How do we remember our heroes?
Colorado was one of the first states to celebrate MLK Day, and on January 18, the annual Marade honoring Martin Luther King Jr. will kick off in City Park. But there are now more Americans born after the death of Martin Luther King Jr. than born before, and the witnesses to the civil-rights era are fading away. MLK's life and those times now seem remote, and sometimes it feels like no racial progress has been made, that we are slipping back into a world of violence, prejudice and disenfranchisement.
But seventy years ago, it was definitely worse. America was a nightmare for minorities. The civil-rights movement was a stirring and rare example of successful, positive social change — a peaceful revolution that worked, democracy in action winning out over prejudice and hate.
At the head of it all was Dr. King, who even at that time had the aura of a living saint; we regarded him as the ultimate hero, the principled man of God whose eloquence and moral fortitude forced bad men to back down, like some spiritual gunslinger armed with only soul power. He was no certain, sanctimonious leader, but an ordinary and flawed man with extraordinary courage, perhaps the greatest communicator in American history. In a terrifying time, he was a modern Moses.
Which Martin Luther King Jr. do we celebrate today? The films below — divided between documentaries and features, and presented in chronological order — remind us of who he really was, and what he and millions of ordinary people accomplished.
King: A Filmed Record...Montgomery to Memphis
(Sidney Lumet/Joseph L. Mankiewicz, 1970)
The first film bio of King was made for a unique, one-night-only fundraising screening nationwide. The movie, built from newsreel footage, fell out of circulation for years, even after being added to the National Film Registry. It’s really a tribute film, studded with the highlights from King’s life, ending with twenty mournful minutes of his funeral footage.
Eyes on the Prize
(Henry Hampton, producer; 1987/1990)
This meticulous, fourteen-hour epic is a definitive history of the black struggle from 1954 through 1985. Its depth, detail and extensive use of primary sources make it an exemplary historical document.
Freedom on My Mind
(Connie Field/Marilyn Mulder, 1994)
The virtue of this Oscar-nominated documentary, which focuses on the 1961 Freedom Summer voter-registration project in Mississippi, is its emphasis on the volunteer front-line organizers of both races who did the grunt work during that dangerous time when activists Andrew Goodman, James Chaney and Michael Schwerner were murdered.
4 Little Girls
(Spike Lee, 1997)
This heartbreaking, Oscar-nominated documentary proved that Spike Lee was just as solid on nonfiction projects as he was with his narrative features. The intimate scale of the piece, focusing on the murders of a quartet of Sunday-school students on September 15, 1963, puts the human cost of the civil-rights struggle at the forefront.
(Orlando Bagwell/Noland Walker, 2004)
Part of the prestigious American Experience series of historical portraits, this is an excellent one-hour summary of King’s life – a good place to start.
A two-hour look at King’s life, hosted by Tom Brokaw for the History Channel, this film includes rare conversations with King’s children, as well as contemporary perspectives on King’s legacy.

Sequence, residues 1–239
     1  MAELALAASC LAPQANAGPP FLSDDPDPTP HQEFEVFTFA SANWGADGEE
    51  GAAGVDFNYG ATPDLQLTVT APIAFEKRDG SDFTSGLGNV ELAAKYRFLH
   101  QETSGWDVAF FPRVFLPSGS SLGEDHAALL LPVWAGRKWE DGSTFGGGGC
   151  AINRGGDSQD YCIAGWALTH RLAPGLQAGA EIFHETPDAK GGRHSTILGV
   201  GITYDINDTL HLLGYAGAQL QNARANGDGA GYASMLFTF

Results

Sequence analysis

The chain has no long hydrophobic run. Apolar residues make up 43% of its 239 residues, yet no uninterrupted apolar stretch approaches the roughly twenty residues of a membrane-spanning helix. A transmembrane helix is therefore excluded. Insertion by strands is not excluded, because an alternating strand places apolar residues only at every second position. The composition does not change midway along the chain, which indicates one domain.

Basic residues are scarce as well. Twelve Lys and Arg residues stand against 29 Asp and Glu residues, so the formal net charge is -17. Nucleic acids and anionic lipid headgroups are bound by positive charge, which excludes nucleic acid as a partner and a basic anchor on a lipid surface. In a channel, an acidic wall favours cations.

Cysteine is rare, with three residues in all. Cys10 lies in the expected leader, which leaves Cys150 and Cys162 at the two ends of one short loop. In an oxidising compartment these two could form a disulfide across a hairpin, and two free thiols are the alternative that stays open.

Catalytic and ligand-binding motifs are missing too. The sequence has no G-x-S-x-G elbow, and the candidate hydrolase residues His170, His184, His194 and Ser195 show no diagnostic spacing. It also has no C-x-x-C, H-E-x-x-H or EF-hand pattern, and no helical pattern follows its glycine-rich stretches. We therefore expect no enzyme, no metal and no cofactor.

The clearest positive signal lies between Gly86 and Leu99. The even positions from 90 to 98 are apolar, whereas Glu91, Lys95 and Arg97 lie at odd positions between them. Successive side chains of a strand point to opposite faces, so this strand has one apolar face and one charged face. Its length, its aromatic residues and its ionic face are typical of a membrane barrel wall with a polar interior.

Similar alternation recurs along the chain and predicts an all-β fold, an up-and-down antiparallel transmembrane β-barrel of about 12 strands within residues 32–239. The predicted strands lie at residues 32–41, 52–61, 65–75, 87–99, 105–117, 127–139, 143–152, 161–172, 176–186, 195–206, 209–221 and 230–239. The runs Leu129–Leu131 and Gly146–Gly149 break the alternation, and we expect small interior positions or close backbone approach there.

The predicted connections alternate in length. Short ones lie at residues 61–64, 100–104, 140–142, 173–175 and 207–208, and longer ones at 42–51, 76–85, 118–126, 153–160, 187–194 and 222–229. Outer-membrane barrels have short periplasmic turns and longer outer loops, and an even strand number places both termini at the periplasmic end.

(Stanley Nelson, 2010)
An excellent, close-up examination of the fight to integrate public transportation in the South. In the summer of 1961, volunteers trained in non-violence ran the gauntlet of beatings, death threats and arrests.
(John Akofrah, 2013)
Another model examination of a specific event — in this case, the March on Washington, which culminated with King’s “I Have a Dream” speech.
(Abby Mann, 1978)
The first dramatized version of King’s life, this TV mini-series features the great Paul Winfield as the civil-rights leader, supported by an all-star cast that includes Cicely Tyson, Ossie Davis, Al Freeman Jr., and many more. Winfield is capable of showing a three-dimensional, vulnerable and human King, exploring the fear and worry that dogged him until his death.
(Clark Johnson, 2001)
The story of the event that started it all: the Montgomery bus boycott in 1955. Jeffrey Wright plays King with perhaps too much impassivity; his King seems intimidated and terse when not on the pulpit (which could have been the case; King was only 26 years old when his activism began). But the movie excels when it shows how a social-action movement is put together and overcomes obstacles. Anyone planning a non-violent revolution will find the blueprint here.
(Ava DuVernay, 2014)
A stirring film about the famous march from Selma to Montgomery in 1965 that’s at its best when showing us the inner and intimate life of the protagonists: King (David Oyelowo) and his wife, Coretta (Carmen Ejogo), who find their marriage under attack as FBI director J. Edgar Hoover attempts to drive them apart by sending them audiotapes of King’s spied-upon infidelities. The movie falls down when the famous talking heads fill the screen: LBJ was not as much of an opponent of King as he is portrayed here, and George Wallace was cleverer than the intolerant goober that Tim Roth gives us.
Director Ava DuVernay gave a great response to those who questioned Selma’s historical accuracy, words that are applicable to any attempt to remember the man and the struggle: “Bottom line is, folks should interrogate history. Don’t take my word for it...let it come alive for yourself.”
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